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The Three Mile Island Accident

The Three Mile Island Accident

On March 28, 1979, a partial nuclear meltdown occurred in one of the two Three Mile Island nuclear reactors in Dauphin County, Pennsylvania. The so-called Three Mile Island Accident was the worst accident in U.S. commercial nuclear power plant history. Three Miles Downriver from Middletown, Pennsylvania Three Mile Island has got its name because it is located three miles downriver from Middletown, Pennsylvania. The plant was originally built by General Public Utilities…
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Baron Haussmann’s Renovation of Paris

Baron Haussmann’s Renovation of Paris

On March 27, 1809, French politician and city planer Georges-Eugène Haussmann, commonly known as Baron Haussmann, was born. He was the Prefect of the Seine Department in France, who was chosen by the Emperor Napoleon III to carry out a massive program of new boulevards, parks and public works in Paris, commonly called Haussmann‘s renovation of Paris. Old Paris In the middle of the 19th century, the center of Paris had the…
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George Smith and the Epic of Gilgamesh

George Smith and the Epic of Gilgamesh

On March 26, 1840, English Assyriologist George Smith was born. Besides his pioneering work in Assyriology, he first discovered and translated the Epic of Gilgamesh, the oldest-known written work of literature. Moreover, its description of a flood, strikingly similar to the account in Genesis, had a stunning effect on Smith’s generation. “Gilgamesh was called a god and a man; Enkidu was an animal and a man. It is the story of their…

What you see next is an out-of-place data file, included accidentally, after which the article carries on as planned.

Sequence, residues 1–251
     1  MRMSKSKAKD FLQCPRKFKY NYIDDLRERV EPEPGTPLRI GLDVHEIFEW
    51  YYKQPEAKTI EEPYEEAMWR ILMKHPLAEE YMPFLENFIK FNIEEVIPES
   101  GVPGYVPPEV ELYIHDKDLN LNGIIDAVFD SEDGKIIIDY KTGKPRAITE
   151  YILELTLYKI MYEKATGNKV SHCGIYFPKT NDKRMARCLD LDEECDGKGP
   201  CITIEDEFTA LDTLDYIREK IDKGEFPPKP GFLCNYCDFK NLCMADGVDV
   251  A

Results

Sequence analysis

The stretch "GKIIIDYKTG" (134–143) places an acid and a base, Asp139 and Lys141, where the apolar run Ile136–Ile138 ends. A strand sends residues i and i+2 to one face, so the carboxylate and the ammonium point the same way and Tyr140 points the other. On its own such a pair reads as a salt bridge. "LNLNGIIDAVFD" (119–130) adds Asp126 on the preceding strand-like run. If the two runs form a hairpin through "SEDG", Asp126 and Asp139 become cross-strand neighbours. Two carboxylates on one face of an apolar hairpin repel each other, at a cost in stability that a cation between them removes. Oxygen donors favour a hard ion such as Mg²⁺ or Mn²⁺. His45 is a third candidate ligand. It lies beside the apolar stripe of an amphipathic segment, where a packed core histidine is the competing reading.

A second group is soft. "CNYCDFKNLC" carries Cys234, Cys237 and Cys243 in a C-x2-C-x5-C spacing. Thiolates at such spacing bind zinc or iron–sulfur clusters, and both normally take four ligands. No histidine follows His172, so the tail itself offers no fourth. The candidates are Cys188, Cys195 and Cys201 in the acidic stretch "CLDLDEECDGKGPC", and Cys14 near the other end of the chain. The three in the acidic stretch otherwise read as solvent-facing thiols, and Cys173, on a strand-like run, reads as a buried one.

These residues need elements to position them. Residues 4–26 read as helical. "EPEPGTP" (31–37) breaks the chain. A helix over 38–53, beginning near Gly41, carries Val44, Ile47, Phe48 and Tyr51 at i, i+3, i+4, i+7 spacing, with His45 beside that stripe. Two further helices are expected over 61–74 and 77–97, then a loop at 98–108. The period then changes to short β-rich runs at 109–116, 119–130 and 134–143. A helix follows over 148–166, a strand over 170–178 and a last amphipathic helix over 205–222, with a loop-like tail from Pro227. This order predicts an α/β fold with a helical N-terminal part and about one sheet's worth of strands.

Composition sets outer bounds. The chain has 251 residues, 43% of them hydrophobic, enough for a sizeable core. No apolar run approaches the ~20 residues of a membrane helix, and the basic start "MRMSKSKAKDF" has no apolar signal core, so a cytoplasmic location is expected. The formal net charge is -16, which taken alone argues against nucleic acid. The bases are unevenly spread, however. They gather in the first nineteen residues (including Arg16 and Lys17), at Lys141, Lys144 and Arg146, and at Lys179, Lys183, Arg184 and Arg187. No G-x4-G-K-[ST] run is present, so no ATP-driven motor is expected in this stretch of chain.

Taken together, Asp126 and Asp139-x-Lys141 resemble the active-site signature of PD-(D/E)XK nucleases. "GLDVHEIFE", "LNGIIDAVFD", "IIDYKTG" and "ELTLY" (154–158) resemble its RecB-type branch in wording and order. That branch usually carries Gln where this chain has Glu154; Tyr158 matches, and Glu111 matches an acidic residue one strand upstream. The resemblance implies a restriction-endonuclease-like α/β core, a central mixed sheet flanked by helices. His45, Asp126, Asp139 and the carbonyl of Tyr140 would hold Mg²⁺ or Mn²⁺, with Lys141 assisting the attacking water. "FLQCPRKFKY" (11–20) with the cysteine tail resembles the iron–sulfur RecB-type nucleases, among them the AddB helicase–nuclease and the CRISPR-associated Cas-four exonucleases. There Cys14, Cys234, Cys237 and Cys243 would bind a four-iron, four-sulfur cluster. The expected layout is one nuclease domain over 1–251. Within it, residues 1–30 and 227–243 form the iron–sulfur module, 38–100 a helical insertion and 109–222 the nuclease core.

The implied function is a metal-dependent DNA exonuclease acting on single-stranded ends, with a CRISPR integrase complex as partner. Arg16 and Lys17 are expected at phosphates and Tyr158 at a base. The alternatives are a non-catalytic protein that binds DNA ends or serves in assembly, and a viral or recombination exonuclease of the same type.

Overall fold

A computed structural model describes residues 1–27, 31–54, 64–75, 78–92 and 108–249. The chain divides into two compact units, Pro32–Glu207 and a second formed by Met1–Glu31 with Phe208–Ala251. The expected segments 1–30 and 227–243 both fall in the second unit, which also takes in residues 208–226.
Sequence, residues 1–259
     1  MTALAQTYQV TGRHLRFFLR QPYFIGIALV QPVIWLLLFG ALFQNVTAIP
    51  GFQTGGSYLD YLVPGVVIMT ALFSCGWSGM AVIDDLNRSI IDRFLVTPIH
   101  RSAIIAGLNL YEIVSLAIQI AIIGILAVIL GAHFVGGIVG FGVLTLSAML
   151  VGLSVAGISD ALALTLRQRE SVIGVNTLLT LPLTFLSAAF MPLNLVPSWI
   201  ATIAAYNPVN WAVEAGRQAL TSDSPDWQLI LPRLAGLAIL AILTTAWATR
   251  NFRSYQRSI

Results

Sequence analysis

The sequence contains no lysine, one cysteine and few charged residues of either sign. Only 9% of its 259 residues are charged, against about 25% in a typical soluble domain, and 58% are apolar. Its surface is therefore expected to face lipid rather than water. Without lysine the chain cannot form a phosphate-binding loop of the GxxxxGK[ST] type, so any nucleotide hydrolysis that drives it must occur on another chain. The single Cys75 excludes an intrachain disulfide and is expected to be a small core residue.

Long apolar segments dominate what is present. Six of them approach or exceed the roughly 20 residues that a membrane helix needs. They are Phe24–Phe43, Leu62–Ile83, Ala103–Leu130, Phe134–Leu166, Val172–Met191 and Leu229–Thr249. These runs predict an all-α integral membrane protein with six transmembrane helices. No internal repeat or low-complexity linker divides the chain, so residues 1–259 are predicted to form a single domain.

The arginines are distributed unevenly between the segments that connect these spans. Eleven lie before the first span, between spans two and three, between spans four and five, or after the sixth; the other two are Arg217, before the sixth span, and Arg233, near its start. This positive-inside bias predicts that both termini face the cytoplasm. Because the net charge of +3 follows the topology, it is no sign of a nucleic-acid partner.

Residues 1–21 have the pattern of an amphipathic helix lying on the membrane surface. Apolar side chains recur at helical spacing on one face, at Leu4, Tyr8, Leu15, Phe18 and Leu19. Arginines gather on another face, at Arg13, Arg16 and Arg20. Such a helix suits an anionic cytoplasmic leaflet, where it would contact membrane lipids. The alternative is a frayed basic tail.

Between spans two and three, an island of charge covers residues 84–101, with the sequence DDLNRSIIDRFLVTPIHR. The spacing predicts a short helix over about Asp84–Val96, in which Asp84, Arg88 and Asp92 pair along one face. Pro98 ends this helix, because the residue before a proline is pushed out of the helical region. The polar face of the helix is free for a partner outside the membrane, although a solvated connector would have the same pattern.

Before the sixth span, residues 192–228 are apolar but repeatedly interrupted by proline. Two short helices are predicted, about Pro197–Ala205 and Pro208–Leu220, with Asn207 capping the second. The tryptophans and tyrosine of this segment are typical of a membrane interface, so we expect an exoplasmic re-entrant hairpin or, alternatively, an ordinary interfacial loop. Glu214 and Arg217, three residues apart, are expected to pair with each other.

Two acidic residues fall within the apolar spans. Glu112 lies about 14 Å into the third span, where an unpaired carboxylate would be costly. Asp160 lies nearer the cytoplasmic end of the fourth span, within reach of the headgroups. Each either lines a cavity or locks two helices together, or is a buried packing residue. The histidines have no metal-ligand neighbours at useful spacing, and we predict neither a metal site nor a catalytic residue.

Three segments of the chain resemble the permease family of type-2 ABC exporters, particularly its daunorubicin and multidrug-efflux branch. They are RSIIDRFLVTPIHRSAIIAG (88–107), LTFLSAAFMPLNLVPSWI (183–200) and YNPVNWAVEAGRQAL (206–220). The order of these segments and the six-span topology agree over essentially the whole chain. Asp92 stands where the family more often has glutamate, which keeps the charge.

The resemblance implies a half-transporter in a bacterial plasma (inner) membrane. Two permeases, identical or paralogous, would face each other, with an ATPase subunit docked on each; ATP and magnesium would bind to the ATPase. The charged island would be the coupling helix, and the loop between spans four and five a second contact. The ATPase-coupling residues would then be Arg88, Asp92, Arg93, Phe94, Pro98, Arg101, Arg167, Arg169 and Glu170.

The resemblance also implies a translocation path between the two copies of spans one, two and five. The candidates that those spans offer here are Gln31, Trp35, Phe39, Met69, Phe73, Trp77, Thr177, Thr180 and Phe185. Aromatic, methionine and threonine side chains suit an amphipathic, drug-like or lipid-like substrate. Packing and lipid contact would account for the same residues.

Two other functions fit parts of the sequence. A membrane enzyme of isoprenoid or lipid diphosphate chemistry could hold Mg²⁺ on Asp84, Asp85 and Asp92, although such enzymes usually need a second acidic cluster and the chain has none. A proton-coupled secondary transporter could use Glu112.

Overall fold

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General Thomas Alexandre Dumas – Napoleon’s ‘Black Devil’

General Thomas Alexandre Dumas – Napoleon’s ‘Black Devil’

On March 25, 1762, Thomas Alexandre Dumas was born. Dumas was the Father of the famous French author Alexandre Dumas [5] and the first black General in the French army. The story of his life should become the blueprint for his son’s most famous novels ‘The Count of Monte Christo‘ and ‘The Three Musketeers‘. “Do not value money for any more nor any less than its worth; it is a good servant but…
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Frederick the Great’s Cunning Plan to Introduce the Potato

Frederick the Great’s Cunning Plan to Introduce the Potato

On 24, March, 1756, Prussian king Frederick the Great passed the circular order that should ensure the cultivation and deployment of potatoes in his country. Actually, citizens received this only rather refusing, because this subterranean vegetable seemed rather suspicious to them. But there is the saying that the king used a clever trick to convince his subjects… “I appreciate the potato only as a protection against famine, except for that, I know…
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The Deorbit of Russian Space Station MIR